Is Trumps ‘noise’ preventing your capital growing? Peter McGahan argues his point.
I kind of hoped January 1st would have a new morning with new leaders in charge of this financial world. I’ve been in denial since.
Instead, in a world where we try and make sense of information to make good financial decisions, the art of seeing through noise has never been so important.
Noise can easily be defined as ‘unpleasant, or a loud sound’, or in physics it’s less easy to define as it’s just vibrations, but in finance, I just call it fake twaddle. The key is to know it when you see it, and not buy using this ‘new logic’ that has been offered.
In 2008 I was told oil couldn’t go below $100 a barrel by the fund group who amazingly benefitted from prices above that.
‘Investors should be making their decisions around oil staying there, and the impact that would have on the dollar and in turn markets and your pension and investment funds’ they said.
Now I know he was just reciting what his first line boss had told him, just as the news and national papers simply read out what’s sent to them, but their logic was the ‘tar sands project’ in Calgary.
We discussed this potential ‘noise’ and whilst he continued to see he had the number nine in front of him, and from my opposing side I saw a six, no discussion took place. It was only when I focused on what’s right rather than who was right I went off on my merry way to research.
He continued with his ‘confirmation bias’ that he was definitely looking at a nine and looked for all data to prove that.
My logic was that Goldman Sachs were driving the market upwards with their incessant noise, and low and behold, two months later, I was sat on a train with my kids from Bergen to Oslo, and who should sit next to me but someone from an oil company. Bingo. A few direct questions dispelled any ‘facts’ from that previous investment company.
But, like the many ‘decisions’ over this last 18 months, the manager continued with the next stage of his confirmation bias – ‘persistence of discredited beliefs’.
That persistence taught me a lot about financial noise, a skill taught to me well as a training adviser when I blurted out my financial beliefs to a doctor of biochemistry who smiled back with a cross between sympathy and compassion, at my lack of knowledge and unconscious incompetence.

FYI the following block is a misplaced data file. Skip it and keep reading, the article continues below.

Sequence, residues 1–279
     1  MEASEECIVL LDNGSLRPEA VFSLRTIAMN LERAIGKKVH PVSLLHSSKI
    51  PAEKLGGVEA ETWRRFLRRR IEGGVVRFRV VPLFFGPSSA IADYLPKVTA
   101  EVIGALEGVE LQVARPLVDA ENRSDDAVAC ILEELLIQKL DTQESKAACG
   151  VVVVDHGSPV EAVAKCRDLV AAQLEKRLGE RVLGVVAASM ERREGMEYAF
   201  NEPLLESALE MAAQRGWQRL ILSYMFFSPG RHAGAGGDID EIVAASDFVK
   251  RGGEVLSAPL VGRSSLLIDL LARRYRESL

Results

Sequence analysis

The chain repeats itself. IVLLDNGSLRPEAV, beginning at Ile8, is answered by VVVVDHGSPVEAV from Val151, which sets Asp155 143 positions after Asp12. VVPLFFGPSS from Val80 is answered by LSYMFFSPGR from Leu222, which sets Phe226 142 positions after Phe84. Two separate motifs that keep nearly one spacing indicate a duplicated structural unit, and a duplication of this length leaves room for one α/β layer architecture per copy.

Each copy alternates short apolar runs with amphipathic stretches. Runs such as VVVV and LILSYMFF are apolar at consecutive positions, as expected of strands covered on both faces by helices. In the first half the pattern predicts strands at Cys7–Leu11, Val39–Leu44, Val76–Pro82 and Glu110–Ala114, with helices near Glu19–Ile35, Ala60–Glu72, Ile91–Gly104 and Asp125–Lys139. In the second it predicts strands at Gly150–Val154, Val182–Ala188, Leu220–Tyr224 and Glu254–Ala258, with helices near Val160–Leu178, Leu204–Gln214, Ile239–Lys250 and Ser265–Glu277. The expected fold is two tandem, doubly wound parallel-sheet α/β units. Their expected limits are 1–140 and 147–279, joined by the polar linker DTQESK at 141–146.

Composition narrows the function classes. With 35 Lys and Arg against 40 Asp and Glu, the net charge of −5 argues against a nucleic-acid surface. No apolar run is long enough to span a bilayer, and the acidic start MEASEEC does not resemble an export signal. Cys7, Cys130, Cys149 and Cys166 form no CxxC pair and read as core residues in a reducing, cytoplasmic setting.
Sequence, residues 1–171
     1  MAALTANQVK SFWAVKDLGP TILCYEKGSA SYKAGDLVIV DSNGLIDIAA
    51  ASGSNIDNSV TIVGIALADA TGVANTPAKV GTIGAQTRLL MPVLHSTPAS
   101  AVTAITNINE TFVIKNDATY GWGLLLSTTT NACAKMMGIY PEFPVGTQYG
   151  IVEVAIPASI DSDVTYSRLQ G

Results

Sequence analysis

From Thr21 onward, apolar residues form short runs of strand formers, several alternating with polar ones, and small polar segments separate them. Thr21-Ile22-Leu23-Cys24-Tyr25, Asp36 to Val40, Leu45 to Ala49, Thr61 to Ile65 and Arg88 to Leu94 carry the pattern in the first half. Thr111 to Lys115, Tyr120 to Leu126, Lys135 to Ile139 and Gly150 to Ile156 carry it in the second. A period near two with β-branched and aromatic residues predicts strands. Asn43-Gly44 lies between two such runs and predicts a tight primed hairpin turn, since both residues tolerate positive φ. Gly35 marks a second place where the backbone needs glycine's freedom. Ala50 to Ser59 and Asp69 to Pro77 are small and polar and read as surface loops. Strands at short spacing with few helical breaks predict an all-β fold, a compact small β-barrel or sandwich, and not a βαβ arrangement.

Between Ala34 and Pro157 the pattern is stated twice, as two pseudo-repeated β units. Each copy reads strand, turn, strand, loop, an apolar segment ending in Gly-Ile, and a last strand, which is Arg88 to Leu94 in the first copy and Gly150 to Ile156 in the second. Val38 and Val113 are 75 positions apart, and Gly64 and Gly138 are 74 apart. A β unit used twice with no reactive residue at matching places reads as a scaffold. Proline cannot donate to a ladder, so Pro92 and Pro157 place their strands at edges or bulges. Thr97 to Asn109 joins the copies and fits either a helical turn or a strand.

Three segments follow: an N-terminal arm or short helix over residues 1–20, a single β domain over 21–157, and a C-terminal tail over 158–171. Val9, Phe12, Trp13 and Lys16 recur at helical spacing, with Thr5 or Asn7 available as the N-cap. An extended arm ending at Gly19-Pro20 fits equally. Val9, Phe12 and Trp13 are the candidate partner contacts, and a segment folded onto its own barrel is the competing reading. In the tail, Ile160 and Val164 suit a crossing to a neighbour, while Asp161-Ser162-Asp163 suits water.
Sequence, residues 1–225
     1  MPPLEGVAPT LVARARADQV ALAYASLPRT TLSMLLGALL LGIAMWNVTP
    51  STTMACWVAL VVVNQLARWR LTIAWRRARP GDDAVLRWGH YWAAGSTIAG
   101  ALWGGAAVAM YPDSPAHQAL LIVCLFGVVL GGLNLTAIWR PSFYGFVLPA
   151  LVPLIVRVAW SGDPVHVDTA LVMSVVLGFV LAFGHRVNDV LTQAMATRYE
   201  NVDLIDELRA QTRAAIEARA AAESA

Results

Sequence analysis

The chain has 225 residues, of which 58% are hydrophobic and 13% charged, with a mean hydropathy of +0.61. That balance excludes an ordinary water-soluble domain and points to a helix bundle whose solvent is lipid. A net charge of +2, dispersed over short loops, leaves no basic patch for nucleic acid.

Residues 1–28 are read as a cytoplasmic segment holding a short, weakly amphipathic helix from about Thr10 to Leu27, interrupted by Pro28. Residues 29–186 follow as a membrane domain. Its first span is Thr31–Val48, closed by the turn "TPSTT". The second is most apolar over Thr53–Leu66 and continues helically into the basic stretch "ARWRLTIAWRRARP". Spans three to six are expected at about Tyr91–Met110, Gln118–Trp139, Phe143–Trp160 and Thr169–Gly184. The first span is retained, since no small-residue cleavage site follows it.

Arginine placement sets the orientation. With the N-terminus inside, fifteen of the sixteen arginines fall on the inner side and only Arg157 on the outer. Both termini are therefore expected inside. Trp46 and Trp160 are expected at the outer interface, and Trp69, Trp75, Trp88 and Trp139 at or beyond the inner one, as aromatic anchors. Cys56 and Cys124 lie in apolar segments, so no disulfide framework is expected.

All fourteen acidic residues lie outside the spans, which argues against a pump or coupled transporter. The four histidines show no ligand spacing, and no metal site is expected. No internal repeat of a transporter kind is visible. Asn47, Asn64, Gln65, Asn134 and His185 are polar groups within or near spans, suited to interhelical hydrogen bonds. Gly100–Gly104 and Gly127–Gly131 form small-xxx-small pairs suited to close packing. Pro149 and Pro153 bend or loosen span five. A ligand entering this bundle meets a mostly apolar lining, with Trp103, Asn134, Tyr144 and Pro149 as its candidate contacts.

His persistence will then look at all the excuses why oil did indeed do what I forecasted ten months beforehand – fall to its average. As it fell, those who had bet on it going down (shorting) made millions. You might argue they could easily be the same people who talked it up. Yes, you could.
Despite our global ‘leaders’ all proving that incompetence is an easy achievement, and the real skill is in the misinformation to a distracted audience, investors are being fed their financial bias and potentially believing it.
Mr Trump tweeted, (yes that’s how a president communicates data to be relied upon) his success so far recently.
He says there are record jobs, the Dow is flying, and Obama would have had great press coverage if it was him. Two things: No financial person of repute would use the Dow as a measure of anything. I’ve covered it before in detail – It’s absurd and useless – but Obama still won.
However, if we assess his performance against Obama in his first year via the S&P, a year which took a massive downturn three months in with the Iraq war, Obama nails him with more than double Trump’s ‘great year’.
Trump repeats his (or his puppeteered) mantra of it all being part of ‘making America great again’ and irresponsibly eggs on the euphoria regarding jobs and record jobs. It is hard to see how any president’s actions (there haven’t really been any yet) will have created any real jobs in the first year, as it takes much longer for that to make its way through, so it’s just an overflow really.
Noise, along with the countless two way lies alongside cryptocurrencies are 2018’s first two biggest challenges to your capital.
About the author
Peter McGahan is the owner of Independent financial adviser Worldwide Financial Planning, which is authorised and regulated by the Financial Conduct Authority.